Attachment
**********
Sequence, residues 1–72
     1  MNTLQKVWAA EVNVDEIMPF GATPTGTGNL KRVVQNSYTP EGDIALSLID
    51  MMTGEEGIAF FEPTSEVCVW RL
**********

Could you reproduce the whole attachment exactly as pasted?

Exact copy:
Sequence, residues 1–72
     1  MNTLQKVWAA EVNVDEIMPF GATPTGTGNL KRVVQNSYTP EGDIALSLID
    51  MMTGEEGIAF FEPTSEVCVW RL